The Cleveland Indians laid out very clear expectations for the 2019 season. The starting rotation, seen by many as the best in the league, could carry the entire team to the promised land.
It didn’t matter that the offense was weakened over the winter, or that the bullpen was composed of a collection of soft-tossers. Thanks to elite starting pitching, the expectation was for Cleveland to contend. Period.
We’re not even two months into the season, and said strategy has already been exposed.
Just a couple weeks after Mike Clevinger was placed on the 60-day IL with a back injury, fellow starter Corey Kluber took a line drive to his right arm. He suffered a non-displaced fracture, and won’t be back anytime soon.
The rotation Cleveland counted on as its ticket to the postseason, the main reason why ownership didn’t feel compelled to make roster additions in a contending year, is down two starters for the foreseeable future. One would think a setback like this would alter the Indians’ plans for the rest of the year.
It can’t, though.
The Indians have no choice but to keep their sights on the postseason. Fans were told all winter long to expect another playoff berth. As a result, the front office can’t just waive the white flag because of injuries to the rotation.
It may sound harsh on the surface. Obviously, the losses of pitchers like Kluber and Clevinger would hinder even the most elite teams. These are two massive blows, there’s no getting around it.
Despite that, ownership hasn’t earned any sympathy here. Saying “oh well, we’ll try again next year” isn’t an option. This team was designed to lean almost entirely on its rotation. Making the postseason wasn’t the goal, it was the expectation. Those plans can’t alter just because of starters getting shelved.
Injuries were always a possibility, as is the case for any team. However, thanks to the way Cleveland was set up this season, injuries to the rotation were always going to carry extra weight.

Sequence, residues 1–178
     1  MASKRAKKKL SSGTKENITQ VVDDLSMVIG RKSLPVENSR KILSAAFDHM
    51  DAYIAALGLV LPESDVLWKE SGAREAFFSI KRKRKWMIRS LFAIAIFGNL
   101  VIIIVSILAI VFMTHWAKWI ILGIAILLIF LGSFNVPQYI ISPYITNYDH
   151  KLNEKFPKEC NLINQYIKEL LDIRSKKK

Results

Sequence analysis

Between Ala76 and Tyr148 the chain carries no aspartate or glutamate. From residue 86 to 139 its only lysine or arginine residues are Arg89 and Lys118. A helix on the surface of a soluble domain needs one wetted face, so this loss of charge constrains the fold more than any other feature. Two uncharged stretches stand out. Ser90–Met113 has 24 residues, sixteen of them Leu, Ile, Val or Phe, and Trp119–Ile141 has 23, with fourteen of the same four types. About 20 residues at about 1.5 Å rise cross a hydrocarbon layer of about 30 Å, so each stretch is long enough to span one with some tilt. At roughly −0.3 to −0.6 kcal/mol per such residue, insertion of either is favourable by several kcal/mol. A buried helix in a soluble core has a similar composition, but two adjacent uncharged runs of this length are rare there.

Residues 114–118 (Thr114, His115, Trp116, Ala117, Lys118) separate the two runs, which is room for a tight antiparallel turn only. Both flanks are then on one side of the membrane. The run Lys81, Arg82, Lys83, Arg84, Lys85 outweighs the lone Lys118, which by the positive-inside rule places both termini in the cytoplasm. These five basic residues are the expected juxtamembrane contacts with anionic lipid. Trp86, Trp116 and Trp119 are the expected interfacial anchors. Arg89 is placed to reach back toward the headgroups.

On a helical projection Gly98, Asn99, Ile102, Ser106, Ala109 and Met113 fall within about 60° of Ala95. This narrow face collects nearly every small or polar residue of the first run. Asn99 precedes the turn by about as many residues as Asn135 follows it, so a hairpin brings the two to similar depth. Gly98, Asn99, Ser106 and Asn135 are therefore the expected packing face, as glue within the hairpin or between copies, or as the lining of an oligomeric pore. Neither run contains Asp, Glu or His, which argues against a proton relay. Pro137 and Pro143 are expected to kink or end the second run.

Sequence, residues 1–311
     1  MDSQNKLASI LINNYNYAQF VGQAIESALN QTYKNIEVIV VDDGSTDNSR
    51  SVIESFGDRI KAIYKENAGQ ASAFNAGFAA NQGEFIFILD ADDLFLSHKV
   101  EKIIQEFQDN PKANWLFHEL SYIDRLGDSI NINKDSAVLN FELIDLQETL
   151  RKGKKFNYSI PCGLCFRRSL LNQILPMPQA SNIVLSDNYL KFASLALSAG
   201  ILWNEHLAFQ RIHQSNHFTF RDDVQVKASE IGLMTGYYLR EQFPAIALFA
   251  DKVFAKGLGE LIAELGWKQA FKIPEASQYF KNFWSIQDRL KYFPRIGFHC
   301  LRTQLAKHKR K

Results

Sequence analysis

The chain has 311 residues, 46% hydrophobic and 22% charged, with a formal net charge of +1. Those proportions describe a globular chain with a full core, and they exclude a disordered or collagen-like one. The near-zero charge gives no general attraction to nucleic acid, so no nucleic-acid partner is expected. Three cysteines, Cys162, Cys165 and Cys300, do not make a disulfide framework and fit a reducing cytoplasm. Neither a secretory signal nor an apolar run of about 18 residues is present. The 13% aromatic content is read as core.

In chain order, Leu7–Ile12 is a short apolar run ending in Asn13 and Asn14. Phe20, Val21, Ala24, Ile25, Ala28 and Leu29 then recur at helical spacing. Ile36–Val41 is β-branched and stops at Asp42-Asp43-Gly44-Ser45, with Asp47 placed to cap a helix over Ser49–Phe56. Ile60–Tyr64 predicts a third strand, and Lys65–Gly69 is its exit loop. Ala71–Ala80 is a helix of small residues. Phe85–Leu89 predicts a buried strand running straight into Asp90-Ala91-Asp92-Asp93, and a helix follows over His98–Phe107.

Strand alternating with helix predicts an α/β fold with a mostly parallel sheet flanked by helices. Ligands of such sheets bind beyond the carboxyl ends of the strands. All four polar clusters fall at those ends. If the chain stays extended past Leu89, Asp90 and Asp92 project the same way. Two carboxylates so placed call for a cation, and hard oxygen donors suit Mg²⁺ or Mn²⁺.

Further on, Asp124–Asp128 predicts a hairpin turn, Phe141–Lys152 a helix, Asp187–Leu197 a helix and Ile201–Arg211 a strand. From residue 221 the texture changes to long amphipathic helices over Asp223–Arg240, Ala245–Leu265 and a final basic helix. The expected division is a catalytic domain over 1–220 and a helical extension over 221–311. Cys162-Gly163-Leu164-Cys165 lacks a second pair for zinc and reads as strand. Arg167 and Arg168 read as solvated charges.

Ownership spent the winter shedding offensive production. Talent was either traded or left in free agency, with nothing done to replace it. The goal wasn’t to strike while the iron was hot, but instead to save money.
Despite this, all we heard was this wasn’t a rebuild, that the team still had its eyes set on a World Series. The reasoning was clear — with a rotation like this, there was no need to spend a ton on roster upgrades.
Frustrated fans were greeted with the same response all winter long. Yes, we’ve lost some talent. Yes, we still plan to make the playoffs.
The flaws in this approach were clear as day. By shedding offense for the sake of cost-cutting, the team put more on the shoulders of its starting pitching. Cleveland built a team focused on its rotation, but also one which may not survive if this unit dealt with adversity.
Yet, there was no caveat to this, no mention of the word “unless.” Nobody said, “Of course, if our starters get hurt, we’ll have to adjust accordingly.”
As a result, Cleveland can’t just roll over. Kluber’s injury can’t turn this team into an asset collector. The Indians still have to be buyers on the trade market, not sellers.
This is the bed the Indians have made. The rotation is the heartbeat of the team, but only because ownership didn’t invest in any other area of the roster. The offense is anemic, mainly because it’s designed to be. Fans were told to expect October baseball despite this, and that narrative can’t change after a month.
This may be a big pill for ownership to swallow. It’ll likely cost money, more than the team would like to spend.
This is a contending year. The Indians said as much. That can’t change just because your strategy was exposed in May.
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